Scarcely less right-wing but more mainstream, Fox News remarked that the CRU had “brazenly [discussed] the destruction and hiding of data that did not support global warming claims.”

The more sober Associated Press concluded that the messages didn’t disprove global warming, but did “show that [the CRU] stonewalled sceptics and discussed hiding data.”

The Daily Mail took the opportunity to announce that global warming had made a “U-turn and had stopped in 1995, then dusted off the stereotype of the absent-minded professor, lacking “organisational skills”, having “trouble ‘keeping track’ of the information” and inhabiting an “office swamped with piles of paper”.

The left-leaning Huffington Post pointed out how completely the issue had been hijacked by political interests: “The nickname should be ‘Swifthack’ for the way people with political agendas have ‘swiftboated’ the global warming reality”. They also recorded how the niceties of data handling in Norfolk had fed into the parochial politics of former vice-presidential candidate, Sarah Palin, who decried “doomsday scare tactics pushed by an environmental priesthood that capitalizes on the public’s worry and makes them feel that owning an SUV is a ‘sin against the planet’”.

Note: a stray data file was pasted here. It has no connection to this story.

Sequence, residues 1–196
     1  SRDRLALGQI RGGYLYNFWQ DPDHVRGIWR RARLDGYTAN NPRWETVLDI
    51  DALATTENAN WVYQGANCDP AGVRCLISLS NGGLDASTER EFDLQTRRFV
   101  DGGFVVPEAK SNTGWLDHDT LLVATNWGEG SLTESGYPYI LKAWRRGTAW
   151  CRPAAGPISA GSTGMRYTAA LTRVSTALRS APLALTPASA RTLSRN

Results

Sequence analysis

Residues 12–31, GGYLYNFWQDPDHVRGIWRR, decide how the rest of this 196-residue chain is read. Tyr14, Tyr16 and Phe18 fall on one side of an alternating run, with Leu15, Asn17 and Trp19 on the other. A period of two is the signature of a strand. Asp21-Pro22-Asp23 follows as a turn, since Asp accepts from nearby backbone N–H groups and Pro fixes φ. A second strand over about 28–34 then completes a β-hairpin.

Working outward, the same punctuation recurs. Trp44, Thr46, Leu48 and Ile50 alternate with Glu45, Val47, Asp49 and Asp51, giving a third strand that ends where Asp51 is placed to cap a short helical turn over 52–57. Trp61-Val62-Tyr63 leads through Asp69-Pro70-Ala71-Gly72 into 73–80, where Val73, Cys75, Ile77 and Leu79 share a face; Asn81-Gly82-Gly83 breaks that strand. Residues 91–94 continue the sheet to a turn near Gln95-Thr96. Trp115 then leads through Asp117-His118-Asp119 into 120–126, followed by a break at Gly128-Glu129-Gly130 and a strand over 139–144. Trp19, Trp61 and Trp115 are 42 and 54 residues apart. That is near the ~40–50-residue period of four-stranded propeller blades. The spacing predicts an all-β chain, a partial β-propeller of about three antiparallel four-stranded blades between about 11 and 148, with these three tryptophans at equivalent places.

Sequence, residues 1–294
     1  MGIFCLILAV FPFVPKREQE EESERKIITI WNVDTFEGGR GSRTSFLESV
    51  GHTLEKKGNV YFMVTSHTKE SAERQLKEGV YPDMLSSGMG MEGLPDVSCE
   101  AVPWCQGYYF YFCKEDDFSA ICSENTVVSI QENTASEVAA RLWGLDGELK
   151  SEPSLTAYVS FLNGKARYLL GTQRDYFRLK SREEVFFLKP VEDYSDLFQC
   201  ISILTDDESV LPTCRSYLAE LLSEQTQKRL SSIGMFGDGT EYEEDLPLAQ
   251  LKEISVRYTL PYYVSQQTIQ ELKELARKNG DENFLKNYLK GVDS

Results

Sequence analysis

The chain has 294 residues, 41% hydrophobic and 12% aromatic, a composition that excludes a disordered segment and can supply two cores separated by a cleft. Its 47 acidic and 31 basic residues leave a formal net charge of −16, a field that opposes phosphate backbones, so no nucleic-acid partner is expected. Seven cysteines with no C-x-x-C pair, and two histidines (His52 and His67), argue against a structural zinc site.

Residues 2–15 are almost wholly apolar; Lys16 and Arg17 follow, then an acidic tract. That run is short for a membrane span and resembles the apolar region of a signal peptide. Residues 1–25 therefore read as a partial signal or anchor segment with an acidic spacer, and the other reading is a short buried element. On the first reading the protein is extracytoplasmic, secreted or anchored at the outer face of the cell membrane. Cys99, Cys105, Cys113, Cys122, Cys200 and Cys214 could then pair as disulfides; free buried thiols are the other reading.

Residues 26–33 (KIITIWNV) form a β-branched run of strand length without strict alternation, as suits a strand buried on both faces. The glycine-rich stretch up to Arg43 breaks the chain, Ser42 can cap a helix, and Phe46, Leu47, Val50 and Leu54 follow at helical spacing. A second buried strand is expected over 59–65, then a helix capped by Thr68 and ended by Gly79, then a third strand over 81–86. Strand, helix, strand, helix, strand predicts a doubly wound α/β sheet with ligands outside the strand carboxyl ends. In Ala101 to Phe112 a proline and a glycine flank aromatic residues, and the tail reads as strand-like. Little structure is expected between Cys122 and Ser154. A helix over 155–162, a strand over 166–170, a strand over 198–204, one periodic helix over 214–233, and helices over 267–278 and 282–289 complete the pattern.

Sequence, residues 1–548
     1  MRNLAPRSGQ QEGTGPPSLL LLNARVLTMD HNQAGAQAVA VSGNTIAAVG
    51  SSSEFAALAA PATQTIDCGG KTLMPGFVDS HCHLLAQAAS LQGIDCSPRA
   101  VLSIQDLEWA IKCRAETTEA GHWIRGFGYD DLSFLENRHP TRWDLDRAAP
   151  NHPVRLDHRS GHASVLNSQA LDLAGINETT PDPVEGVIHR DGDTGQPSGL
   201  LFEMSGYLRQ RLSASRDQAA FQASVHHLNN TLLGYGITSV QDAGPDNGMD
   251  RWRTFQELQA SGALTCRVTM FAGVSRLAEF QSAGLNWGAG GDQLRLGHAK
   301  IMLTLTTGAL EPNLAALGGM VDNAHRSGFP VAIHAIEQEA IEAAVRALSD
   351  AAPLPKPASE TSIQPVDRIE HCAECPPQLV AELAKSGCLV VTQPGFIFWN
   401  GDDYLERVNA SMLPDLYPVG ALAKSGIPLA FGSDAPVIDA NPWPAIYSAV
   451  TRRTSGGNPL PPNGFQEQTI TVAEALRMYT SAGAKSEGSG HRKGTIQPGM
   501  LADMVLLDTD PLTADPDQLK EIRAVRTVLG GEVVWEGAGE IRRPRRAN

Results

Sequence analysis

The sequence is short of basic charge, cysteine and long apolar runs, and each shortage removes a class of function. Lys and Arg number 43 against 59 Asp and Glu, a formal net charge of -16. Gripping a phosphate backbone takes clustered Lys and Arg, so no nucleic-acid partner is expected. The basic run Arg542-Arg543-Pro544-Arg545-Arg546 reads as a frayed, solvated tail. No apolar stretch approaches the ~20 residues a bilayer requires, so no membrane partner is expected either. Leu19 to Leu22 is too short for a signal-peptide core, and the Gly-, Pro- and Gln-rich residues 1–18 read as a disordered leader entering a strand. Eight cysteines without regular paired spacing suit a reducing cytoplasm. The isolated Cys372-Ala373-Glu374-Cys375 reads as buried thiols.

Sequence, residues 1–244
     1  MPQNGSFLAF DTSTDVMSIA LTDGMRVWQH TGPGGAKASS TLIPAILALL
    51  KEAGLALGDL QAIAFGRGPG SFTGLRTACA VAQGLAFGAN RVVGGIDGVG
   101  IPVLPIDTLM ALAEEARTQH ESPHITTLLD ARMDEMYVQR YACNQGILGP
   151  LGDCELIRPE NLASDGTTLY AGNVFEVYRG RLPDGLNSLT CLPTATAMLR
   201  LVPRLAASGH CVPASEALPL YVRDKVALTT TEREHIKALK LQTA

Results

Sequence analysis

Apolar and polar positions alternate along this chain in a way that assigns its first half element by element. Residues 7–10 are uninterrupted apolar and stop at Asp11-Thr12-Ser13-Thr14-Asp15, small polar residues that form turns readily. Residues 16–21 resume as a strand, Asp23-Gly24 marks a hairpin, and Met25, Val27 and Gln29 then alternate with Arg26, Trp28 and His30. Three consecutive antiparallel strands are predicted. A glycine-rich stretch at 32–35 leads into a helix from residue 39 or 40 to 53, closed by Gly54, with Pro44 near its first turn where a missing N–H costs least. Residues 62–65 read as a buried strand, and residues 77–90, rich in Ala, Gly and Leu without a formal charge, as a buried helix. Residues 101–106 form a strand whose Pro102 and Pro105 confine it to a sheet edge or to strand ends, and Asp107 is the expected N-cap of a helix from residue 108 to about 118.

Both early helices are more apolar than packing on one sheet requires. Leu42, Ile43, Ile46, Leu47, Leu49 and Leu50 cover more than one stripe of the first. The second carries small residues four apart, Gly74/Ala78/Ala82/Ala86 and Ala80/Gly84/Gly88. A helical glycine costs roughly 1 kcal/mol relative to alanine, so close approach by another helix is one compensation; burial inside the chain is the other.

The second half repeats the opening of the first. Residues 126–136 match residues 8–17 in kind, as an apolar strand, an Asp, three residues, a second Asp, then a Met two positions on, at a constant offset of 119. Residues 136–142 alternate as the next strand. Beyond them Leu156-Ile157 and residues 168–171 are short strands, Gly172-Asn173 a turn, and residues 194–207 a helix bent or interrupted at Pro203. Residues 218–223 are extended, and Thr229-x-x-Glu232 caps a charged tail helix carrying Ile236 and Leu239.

While wholly political in the sense of being concerned with public policy, one of the least brazenly partisan verdicts can be found in the Parliamentary Science and Technology Select Committee’s report of March 2010. The phrases ‘trick’ and ‘hiding the decline’ were “colloquial terms …. not part of a systematic attempt to mislead”. However: “the climate science community [needs to] become more transparent by publishing raw data and detailed methodologies.”

A Guardian article reported these findings sympathetically despite a conspicuous attempt at balance, including an accusation of “whitewash”.  It featured a telling comment from the Parliamentary Committee’s chairman on the CRU’s Phil Jones: “[He] has…been scapegoated as a result of what really was a frustration on his part that people were asking for information purely to undermine his research.”